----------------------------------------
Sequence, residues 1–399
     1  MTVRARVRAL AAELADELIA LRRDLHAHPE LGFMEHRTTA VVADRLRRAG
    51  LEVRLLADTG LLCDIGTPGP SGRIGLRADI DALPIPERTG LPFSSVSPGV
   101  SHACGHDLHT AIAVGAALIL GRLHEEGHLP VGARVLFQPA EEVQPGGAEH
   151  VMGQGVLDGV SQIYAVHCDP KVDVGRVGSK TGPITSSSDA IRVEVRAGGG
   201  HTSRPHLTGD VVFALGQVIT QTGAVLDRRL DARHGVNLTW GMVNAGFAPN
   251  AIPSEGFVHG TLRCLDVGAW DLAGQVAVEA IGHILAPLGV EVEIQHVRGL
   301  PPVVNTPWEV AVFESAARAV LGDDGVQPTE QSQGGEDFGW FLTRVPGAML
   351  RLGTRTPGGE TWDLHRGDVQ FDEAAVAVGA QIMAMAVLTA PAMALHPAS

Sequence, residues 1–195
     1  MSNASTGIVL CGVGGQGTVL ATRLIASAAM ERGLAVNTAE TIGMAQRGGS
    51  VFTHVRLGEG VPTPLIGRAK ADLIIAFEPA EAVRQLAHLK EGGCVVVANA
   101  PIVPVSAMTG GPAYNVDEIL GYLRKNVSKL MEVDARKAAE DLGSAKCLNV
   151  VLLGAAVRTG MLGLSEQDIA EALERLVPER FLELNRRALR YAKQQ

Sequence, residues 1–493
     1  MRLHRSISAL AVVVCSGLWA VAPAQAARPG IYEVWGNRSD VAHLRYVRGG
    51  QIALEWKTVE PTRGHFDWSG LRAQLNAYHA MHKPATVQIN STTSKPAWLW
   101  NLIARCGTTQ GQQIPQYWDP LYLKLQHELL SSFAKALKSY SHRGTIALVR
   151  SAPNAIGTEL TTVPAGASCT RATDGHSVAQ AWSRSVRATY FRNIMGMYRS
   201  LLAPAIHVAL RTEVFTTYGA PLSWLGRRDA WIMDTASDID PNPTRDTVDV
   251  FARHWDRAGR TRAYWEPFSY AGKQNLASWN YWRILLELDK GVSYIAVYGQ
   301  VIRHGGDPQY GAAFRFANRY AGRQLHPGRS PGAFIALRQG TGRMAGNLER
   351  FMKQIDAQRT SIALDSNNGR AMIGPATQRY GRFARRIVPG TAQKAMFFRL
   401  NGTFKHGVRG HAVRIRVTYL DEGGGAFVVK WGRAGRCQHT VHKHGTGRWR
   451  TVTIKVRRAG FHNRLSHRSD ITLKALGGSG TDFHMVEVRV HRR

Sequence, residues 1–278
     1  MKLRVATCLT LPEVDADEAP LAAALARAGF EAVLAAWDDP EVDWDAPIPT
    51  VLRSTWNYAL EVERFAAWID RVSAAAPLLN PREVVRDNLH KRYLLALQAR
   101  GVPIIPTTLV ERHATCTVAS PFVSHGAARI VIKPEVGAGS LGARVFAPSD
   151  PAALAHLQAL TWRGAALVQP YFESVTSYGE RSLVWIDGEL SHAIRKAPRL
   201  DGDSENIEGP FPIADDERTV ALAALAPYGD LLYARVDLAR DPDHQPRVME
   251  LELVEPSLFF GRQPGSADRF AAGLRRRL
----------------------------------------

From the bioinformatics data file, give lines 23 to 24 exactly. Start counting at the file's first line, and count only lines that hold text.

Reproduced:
   351  FMKQIDAQRT SIALDSNNGR AMIGPATQRY GRFARRIVPG TAQKAMFFRL
   401  NGTFKHGVRG HAVRIRVTYL DEGGGAFVVK WGRAGRCQHT VHKHGTGRWR